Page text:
Last year consumer reports revealed there are more than 20 million minors on Facebook. Of those minors, 7.5 million of them are under the age of 13. There have been numerous reports of these children either being harassed, threatened or participating in some form of cyberbullying. Despite the internet increasing negative actions in adolescents, for those over 50, the internet and social media may decrease loneliness and social isolation.

A study conducted by Shelia Cotton a sociologist at the University of Alabama, revealed that Internet and social media users over the age of 50 may reduce their chances of suffering from depression. The analysis, which comprised of 8,000 men and women over the age of 50, demonstrated those who are Internet and social media users lowered their chances of depression by one-third compared to those who do not participate in social media. The study conducted a survey distinguishing those who use the internet and then evaluating participants for mental health issues.

According to the research conducted by the Pew Research Center, a U.S. think-tank, the use of social media and the internet increased to 33 percent from just 6 percent in three years. Of Internet users over the age of 65, 6 percent use Twitter. Through research it was discovered the internet assists adults with a number of things, including decreasing social isolation. Those who may have impaired mobility are able to keep in contact with friends and family through the internet and expand their social circles.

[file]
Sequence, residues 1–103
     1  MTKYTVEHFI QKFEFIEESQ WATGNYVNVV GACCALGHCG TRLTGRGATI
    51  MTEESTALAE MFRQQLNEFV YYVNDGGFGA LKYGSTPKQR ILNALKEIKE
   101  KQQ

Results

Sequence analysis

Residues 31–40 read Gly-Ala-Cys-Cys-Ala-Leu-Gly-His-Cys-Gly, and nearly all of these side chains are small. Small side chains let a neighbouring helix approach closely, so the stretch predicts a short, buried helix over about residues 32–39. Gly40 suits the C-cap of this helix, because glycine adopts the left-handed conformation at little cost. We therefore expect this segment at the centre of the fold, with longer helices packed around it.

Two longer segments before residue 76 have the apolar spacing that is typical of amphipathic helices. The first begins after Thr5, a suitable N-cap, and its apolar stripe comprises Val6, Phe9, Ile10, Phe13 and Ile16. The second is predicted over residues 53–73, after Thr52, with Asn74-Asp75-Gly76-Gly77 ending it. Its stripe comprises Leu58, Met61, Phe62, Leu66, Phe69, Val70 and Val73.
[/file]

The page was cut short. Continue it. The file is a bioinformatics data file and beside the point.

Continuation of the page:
A similar study, conducted at the University of California, demonstrated the effects of Internet use on nerve-cell activity. Researchers uncovered that in just one week of using the internet brain changes occurred. The Internet stimulates nerve-cell activity and may also assist in increasing brain function in older adults.

Results also showed that the main reason other adults are not participating in social media websites or surfing the web is due to lack of knowledge of the Internet and/or access to the Internet.

The study will be published in the journal Computers in Human Behavior.